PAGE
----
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Marion says July 4th fireworks will depend on contributions for a bigger bang

Published On: Jun 27 2013 12:36:45 AM EDT   Updated On: Jun 27 2013 04:28:44 AM EDT

Faced with rising costs, and dwindling dollars, the town doesn't have the money to put on a first class fireworks show this year.

Fireworks are a popular Fourth of July tradition in Marion, and this year the Smyth County town is hoping residents will help to cover the cost.

Faced with rising expenses and dwindling dollars, leaders say the town cannot shoulder the entire cost this year. Town council has set aside $2000, and leaders hope others will kick in a few thousand more.
Ken Heath is the Director of Community and Economic Development. "Independence Day has always been a big deal. We've always been a patriotic small town and that's what we're proud of," Heath said. "And we want to be able to provide a good quality product for our citizens, not only of Marion, but all around on the 4th of July."

The city must order the fireworks soon to make sure they arrive in time. The deadline for donations is June 14th.

Here is the text of the news release from the Town of Marion:


The Town of Marion’s annual Fourth of July may be a little less exciting this year. At the regular council meeting, members discussed rising costs and dwindling financial support, and how that will impact the traditional fireworks program.

In years past, local industry sponsored the fireworks and hosted live music, games, and a community picnic. But as industries left, and belts tightened, the fireworks shifted first to local business sponsors, and now to the Town government.

“The cost of doing a traditional fireworks show, like we have in the past, is about $9,000,” Marion’s Director of Community and Economic Development Ken Heath told Town Council. “Last year, because of budget shortfalls, we reduced that to just over $5,000. This year, with local businesses stretching their donation dollars and the other three government entities not providing any funding, it leaves the Town of Marion to pick up the costs. ”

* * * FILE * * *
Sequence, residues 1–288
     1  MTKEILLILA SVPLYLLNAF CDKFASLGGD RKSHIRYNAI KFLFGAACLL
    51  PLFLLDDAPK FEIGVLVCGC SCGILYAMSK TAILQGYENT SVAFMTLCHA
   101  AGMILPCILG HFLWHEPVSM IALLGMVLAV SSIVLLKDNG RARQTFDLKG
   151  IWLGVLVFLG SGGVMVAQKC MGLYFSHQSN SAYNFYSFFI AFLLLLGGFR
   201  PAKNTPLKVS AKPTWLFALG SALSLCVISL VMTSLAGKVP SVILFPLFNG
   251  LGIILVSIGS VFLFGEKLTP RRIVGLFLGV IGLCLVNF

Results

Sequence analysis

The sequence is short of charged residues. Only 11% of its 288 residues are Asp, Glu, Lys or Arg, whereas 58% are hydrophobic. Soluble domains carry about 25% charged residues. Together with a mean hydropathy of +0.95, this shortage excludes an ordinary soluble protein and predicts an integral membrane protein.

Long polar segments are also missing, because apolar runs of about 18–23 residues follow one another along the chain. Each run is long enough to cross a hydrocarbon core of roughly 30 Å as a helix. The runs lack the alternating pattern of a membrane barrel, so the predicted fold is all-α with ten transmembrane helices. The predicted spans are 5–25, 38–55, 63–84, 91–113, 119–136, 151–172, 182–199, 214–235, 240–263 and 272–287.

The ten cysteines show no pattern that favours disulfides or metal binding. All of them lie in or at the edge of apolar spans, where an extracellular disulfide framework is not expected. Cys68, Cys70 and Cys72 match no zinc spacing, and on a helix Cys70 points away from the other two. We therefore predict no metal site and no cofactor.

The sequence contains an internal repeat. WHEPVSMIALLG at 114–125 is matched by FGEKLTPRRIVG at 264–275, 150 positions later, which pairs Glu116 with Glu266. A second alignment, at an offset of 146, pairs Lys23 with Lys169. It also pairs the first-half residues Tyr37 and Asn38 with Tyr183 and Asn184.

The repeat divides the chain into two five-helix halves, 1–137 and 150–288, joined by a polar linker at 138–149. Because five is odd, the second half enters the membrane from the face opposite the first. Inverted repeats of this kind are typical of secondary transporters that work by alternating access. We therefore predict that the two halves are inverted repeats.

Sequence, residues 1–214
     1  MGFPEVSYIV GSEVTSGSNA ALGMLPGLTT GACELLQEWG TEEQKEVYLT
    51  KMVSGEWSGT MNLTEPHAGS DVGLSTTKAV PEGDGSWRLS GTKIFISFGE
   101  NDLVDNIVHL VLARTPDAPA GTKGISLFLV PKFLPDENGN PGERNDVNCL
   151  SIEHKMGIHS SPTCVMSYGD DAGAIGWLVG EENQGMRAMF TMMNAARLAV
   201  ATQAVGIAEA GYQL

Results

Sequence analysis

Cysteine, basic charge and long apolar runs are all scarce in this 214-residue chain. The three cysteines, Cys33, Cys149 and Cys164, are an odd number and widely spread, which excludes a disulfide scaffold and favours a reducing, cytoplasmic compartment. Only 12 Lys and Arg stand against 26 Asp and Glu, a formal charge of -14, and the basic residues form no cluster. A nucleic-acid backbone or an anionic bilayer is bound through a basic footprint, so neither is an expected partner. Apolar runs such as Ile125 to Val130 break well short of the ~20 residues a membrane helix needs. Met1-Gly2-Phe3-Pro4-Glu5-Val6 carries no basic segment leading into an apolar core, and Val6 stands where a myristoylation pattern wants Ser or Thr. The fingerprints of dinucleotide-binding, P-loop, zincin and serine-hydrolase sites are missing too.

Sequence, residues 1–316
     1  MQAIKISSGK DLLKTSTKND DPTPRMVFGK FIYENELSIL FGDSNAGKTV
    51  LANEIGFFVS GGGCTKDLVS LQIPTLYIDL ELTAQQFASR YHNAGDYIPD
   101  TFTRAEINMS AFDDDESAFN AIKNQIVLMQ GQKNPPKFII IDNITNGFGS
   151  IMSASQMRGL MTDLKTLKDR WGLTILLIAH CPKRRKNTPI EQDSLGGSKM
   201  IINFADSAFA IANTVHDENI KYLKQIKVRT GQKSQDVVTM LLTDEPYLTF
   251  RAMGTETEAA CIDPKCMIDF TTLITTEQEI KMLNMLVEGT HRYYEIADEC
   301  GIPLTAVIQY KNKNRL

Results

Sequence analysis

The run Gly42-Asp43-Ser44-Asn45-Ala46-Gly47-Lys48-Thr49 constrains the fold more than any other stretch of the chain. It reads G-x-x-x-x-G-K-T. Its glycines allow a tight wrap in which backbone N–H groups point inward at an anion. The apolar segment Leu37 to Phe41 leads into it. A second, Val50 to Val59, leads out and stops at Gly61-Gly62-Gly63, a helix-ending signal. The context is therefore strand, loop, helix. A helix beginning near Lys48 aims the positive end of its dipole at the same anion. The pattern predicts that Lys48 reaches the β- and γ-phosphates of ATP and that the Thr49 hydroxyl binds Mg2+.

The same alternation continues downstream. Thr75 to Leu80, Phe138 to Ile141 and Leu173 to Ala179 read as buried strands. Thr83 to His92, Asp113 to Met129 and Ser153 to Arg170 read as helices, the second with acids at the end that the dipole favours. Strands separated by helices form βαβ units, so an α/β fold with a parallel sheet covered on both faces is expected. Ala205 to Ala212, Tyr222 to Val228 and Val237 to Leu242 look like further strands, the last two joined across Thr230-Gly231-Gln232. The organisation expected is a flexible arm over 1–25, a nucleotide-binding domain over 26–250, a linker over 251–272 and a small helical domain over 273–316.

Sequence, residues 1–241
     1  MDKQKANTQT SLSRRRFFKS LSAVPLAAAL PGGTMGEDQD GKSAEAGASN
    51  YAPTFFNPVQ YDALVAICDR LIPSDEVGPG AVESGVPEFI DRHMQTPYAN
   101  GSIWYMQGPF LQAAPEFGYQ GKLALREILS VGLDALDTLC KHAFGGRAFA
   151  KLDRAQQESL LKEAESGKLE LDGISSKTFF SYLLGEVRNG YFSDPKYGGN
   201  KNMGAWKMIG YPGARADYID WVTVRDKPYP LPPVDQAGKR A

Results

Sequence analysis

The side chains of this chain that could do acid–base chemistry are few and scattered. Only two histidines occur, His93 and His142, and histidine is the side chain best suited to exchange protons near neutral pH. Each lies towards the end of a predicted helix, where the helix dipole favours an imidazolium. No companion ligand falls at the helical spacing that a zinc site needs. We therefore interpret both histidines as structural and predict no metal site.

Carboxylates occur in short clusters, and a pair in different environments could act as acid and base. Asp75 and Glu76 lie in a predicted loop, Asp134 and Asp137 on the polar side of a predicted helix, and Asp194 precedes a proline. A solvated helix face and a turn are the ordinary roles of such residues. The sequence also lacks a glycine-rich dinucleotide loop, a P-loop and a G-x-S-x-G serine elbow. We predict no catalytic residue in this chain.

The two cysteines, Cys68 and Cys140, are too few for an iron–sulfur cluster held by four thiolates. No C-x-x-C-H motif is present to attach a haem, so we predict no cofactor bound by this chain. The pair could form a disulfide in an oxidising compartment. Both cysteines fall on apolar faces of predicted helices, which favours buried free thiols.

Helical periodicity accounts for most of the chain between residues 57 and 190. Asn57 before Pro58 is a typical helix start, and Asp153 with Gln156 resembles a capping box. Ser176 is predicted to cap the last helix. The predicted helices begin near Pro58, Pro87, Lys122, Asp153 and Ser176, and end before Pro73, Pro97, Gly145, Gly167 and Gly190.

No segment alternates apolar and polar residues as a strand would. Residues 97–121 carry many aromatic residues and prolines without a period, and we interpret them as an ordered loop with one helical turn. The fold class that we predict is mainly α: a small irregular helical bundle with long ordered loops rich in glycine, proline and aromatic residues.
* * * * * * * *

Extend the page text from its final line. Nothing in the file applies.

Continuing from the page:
“In addition to the direct costs of the fireworks, there are costs for the shooter team, the overtime for the police officers, even the cost of paying for the school custodian to be onsite for the day,” Marion Town Manager Bill Rush explained.

After a lengthy discussion where eliminating the fireworks altogether was discussed, the Town Council ultimately agreed to provide $2,000 toward the purchase of the fireworks and to cover all the associated labor and licensing costs this year. They directed Heath to contact local businesses, industry, and supporters, as well as the three other government entities in the county, and to work with local media to solicit donations to help purchase additional fireworks. But time is critical. The fireworks must be ordered soon to get here in time.

Marion mayor David Helms signed the letter, asking supporters to provide donations by Friday, June 14th. “Every penny we bring in through this campaign will go directly to buying fireworks to make our show bigger for the community,” said Helms. “We want to celebrate and give everybody a good show, but the costs just keep going up and the donations keep going down. I’m hoping the community will help us continue this tradition by contributing what they can.”

Anyone interested in making a donation may drop off their donation at Marion’s Town Hall (138 West Main Street) or send their check to: Fireworks, C/O The Town of Marion, Post Office Box 1005, Marion, VA 24354-1005. Remember, deadline for receipt of all donations is FRIDAY, JUNE 14.